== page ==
Workplace ergonomics involves the study of designing workstations to fit the needs of the human body. Proper ergonomics helps to promote workplace safety and efficiency. Poorly designed workstations, on the other hand, can lead to a wide variety of injuries, such as musculoskeletal disorders, fatigue, and eye strain.  By implementing positive changes to workstations, employers can prevent injuries and create a better work-life for their employees. Whether employees work with heavy machinery or at a desk, they can all benefit from proper ergonomics.

Common Work-Related Injuries

The most common injuries from a poorly designed workstation are musculoskeletal disorders (MSDs). These include any injury that affects joints, bones, or muscles. Approximately 1.71 billion people are affected by an MSD. MSDs can be the result of repeated poor posture, movement, and awkward positioning that leads to strains. Not only do these impact employees’ well-being, but they can lead to a loss of productivity and an increase in absenteeism. Poor ergonomics can make an already present MSD worse.

Other injuries include fatigue, eye strain, and carpal tunnel. By being knowledgeable about the various conditions that can result from poorly designed workstations, employers can create a safer work environment.

The Benefits of Workplace Ergonomics

So, how does applying ergonomics help in the workplace?

Increased Employee Satisfaction

By applying ergonomics, employers can meet the needs of their individual employees. It could include adjusting chair and desk height, placing monitors at a distance to reduce eye strain, encouraging regular breaks, or positioning keyboards to prevent wrist injuries. If these changes are made, employees will not only feel more comfortable and have increased productivity, but they feel more valued at work. Studies have shown that applying ergonomics boosts employee morale.

Cuts Financial Costs for Employers

The benefits of ergonomics go beyond simply increasing employees’ comfort at work: an ergonomic work environment will help employers save money in the long run. By increasing employee satisfaction, they will see less absenteeism. Employees are able to be more productive when they have the right tools to help them succeed.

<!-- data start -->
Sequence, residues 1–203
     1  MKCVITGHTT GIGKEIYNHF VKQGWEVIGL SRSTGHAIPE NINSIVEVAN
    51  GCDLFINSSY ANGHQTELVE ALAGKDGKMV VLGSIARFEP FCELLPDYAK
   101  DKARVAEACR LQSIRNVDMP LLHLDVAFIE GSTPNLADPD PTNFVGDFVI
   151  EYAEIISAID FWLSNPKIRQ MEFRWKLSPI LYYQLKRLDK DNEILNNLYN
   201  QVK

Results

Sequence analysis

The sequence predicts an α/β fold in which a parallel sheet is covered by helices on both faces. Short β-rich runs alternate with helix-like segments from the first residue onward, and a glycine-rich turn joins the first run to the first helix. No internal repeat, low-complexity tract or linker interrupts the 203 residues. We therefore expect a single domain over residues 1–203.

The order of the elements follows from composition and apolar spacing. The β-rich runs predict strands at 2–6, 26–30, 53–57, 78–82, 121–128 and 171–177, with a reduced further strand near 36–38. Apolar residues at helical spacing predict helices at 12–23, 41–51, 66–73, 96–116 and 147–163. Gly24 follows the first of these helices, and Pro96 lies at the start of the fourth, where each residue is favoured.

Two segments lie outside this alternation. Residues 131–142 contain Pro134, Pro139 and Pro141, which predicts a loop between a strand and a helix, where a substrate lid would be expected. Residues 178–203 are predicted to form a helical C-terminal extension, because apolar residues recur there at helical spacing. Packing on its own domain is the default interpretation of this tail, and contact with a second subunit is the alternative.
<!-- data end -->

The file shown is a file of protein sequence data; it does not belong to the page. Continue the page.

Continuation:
In addition by promoting a safer work environment, companies have less workplace injuries. According to the Law Offices of John Phebus, all companies with one or more employees have to offer workers’ compensation insurance to their employees, with the exception of companies in Texas. Companies save much more money in the long run by preventing workplace accidents, and not having to deal with the financial blow of workers’ compensation claims.

Creating an ergonomic work environment goes beyond just providing the right furniture and equipment. It also involves fostering a culture of awareness and accountability among employees. Employers can encourage employees to take regular breaks, practice good posture, and utilize ergonomic tools and resources provided to them. Training programs, workshops, and informational materials can be provided to educate employees and teach them how to apply ergonomic principles in their day-to-day tasks. Additionally, employers can open communication channels for employees to provide feedback or report any discomfort or issues related to their workstations so the necessary adjustments can be made promptly. By involving employees in the process and encouraging their active participation, employers can create a collaborative and proactive approach to workplace ergonomics, resulting in a safer and healthier work environment.